|May 9, 2013|
|3:00 pm||to||4:30 pm|
Hearth Rm (1st floor)
1408 University St., UO campus
A Fireside Conversation with Oliver Kellhammer, a permaculture artist, writer, and teacher specializing in ecological restoration and land art, and Jennifer Burns Levin, who teaches literature in the UO Clark Honors College. The two will talk about Kellhammer’s interest in the shifting power relationships within public urban spaces and his own work on “botanical interventions,” land art that facilitates the healing processes of damaged landscapes and creates opportunities for more productive, mutually beneficial relationships between people and the environment.
Here’s what Jennifer Burns Levin has to say about this conversation: “Oliver Kellhammer is in town for the CSWS Northwest Women Writers Symposium event with his partner, novelist Ruth Ozeki. He’s a fascinating guy, and I’m pleased to be able to host him in a fireside chat as part of our Food in the Field RIG activities. Oliver is a Canadian land artist, permaculture teacher, activist, and writer. We will talk about his work with shifting power relationships within public urban spaces and communities. He’ll show images of his projects, integrative land art he calls ‘botanical interventions,’ and we’ll discuss his activism with small scale eco-forestry, urban food gardens, and other ways that permaculture and sustainable landscapes can transform us.”
Oliver Kellhammer is a Canadian land artist, permaculture teacher, activist and writer. His botanical interventions and public art projects demonstrate nature’s surprising ability to recover from damage. His work facilitates the processes of environmental regeneration by engaging the botanical and sociopolitical underpinnings of the landscape and takes such forms as: neighborhood-scale eco-forestry, inner city community agriculture and the restoration of eroded railway ravines. His process is essentially anti-monumental — as his interventions integrate into the ecological and cultural communities that form around them, his role as artist becomes increasingly obscured. He describes what he does as a kind of catalytic model-making, which lives on as a vehicle for community empowerment, while demonstrating methods of positive engagement with the global environmental crisis. He is co-founder of Cottonwood Gardens, one of Canada’s oldest community gardens and the nation’s first public permaculture demonstration site. I’ve recently collaborated with the noted British botanist Rupert Sheldrake on a landscape level project that examines the potential for re-introduction of prehistoric trees into areas vulnerable to the effects of climate change. Currently, he divides his time between British Columbia and New York City.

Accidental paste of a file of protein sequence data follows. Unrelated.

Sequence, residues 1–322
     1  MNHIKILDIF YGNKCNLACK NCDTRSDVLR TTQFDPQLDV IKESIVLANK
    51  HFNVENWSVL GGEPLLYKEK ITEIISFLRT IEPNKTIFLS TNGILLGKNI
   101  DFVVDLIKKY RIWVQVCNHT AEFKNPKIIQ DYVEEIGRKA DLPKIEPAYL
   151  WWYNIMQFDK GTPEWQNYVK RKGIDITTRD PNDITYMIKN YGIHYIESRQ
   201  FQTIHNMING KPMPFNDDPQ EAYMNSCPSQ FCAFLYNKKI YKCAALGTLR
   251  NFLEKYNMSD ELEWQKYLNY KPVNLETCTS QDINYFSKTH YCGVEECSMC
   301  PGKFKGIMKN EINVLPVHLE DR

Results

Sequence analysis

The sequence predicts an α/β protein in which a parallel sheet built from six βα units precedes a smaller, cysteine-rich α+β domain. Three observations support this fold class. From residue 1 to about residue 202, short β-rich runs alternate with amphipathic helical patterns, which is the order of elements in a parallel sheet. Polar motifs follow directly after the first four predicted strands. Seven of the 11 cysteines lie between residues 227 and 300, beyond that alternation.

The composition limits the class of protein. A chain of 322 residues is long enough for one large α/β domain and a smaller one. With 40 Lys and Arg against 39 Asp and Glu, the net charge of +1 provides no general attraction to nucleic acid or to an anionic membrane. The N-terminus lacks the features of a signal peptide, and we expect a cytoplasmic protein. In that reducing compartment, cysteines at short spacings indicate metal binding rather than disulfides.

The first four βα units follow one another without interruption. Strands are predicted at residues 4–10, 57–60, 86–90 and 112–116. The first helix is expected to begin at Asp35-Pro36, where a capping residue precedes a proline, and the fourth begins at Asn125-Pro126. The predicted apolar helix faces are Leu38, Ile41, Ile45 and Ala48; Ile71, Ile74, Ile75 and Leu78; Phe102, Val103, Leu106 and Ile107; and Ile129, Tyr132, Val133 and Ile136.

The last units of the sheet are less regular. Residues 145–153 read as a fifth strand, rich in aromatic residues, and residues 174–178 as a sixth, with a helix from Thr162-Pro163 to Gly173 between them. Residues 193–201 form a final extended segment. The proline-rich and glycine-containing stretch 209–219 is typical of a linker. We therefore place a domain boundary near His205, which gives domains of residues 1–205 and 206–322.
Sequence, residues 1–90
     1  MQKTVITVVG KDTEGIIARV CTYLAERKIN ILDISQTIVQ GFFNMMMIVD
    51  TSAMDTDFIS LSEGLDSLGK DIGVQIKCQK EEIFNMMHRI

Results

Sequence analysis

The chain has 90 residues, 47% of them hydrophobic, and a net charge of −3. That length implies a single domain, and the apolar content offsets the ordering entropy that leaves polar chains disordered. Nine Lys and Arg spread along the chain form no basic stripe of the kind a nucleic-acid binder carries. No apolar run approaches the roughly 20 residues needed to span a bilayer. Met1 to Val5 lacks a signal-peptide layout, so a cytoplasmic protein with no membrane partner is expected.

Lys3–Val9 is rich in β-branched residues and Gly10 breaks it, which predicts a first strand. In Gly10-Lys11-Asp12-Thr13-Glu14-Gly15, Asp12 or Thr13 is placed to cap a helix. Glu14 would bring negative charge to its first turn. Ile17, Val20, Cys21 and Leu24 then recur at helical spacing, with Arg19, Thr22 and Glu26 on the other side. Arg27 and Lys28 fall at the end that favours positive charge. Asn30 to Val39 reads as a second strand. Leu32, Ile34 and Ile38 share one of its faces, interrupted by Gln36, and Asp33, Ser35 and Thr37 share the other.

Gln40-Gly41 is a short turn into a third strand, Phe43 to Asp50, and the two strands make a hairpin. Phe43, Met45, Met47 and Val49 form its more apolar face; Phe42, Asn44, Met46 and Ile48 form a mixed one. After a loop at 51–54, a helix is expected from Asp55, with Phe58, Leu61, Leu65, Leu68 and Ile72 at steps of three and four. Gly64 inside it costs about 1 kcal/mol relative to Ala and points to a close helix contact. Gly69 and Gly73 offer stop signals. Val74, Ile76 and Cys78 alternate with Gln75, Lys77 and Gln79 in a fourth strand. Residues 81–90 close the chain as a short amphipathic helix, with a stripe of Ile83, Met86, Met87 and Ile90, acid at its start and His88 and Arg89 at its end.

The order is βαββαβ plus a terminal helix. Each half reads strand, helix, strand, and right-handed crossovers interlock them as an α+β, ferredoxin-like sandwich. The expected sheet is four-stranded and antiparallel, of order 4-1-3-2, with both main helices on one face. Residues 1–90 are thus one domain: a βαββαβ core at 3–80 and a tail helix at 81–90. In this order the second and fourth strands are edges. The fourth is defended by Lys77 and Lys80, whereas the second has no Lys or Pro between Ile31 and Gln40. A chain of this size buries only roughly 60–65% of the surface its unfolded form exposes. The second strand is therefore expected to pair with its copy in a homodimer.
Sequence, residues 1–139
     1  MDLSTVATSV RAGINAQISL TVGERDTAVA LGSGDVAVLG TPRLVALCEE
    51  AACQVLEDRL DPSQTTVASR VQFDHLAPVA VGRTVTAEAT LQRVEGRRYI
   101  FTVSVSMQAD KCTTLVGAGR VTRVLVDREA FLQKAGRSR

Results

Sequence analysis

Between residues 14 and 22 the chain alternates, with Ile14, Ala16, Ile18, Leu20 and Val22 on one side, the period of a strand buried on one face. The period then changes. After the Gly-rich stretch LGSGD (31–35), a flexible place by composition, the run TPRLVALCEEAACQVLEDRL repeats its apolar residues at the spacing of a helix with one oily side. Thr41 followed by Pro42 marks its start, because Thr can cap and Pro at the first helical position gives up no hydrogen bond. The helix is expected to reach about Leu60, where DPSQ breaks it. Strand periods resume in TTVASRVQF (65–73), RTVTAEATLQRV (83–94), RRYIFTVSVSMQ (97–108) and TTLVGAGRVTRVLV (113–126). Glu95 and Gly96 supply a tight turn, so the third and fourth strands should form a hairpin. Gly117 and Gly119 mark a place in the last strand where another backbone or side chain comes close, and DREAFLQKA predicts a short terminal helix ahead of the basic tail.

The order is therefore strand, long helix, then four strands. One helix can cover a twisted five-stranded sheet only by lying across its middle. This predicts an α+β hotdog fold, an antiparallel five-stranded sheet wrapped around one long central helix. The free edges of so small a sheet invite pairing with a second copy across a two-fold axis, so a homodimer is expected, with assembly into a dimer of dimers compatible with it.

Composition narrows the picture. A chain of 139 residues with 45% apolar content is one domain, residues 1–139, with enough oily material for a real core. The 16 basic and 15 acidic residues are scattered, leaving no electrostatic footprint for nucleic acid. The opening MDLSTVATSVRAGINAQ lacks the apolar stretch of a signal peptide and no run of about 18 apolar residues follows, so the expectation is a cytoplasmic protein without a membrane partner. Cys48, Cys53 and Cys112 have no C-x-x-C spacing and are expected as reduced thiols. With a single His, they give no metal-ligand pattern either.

Jennifer Burns Levin teaches literature in the Clarks Honors College at the University of Oregon and is and author of the award-winning local food blog, Culinaria Eugenius. She co-hosts the Food for Thought radio program on Eugene’s NPR affiliate and coordinates the CSWS Food in the Field RIG.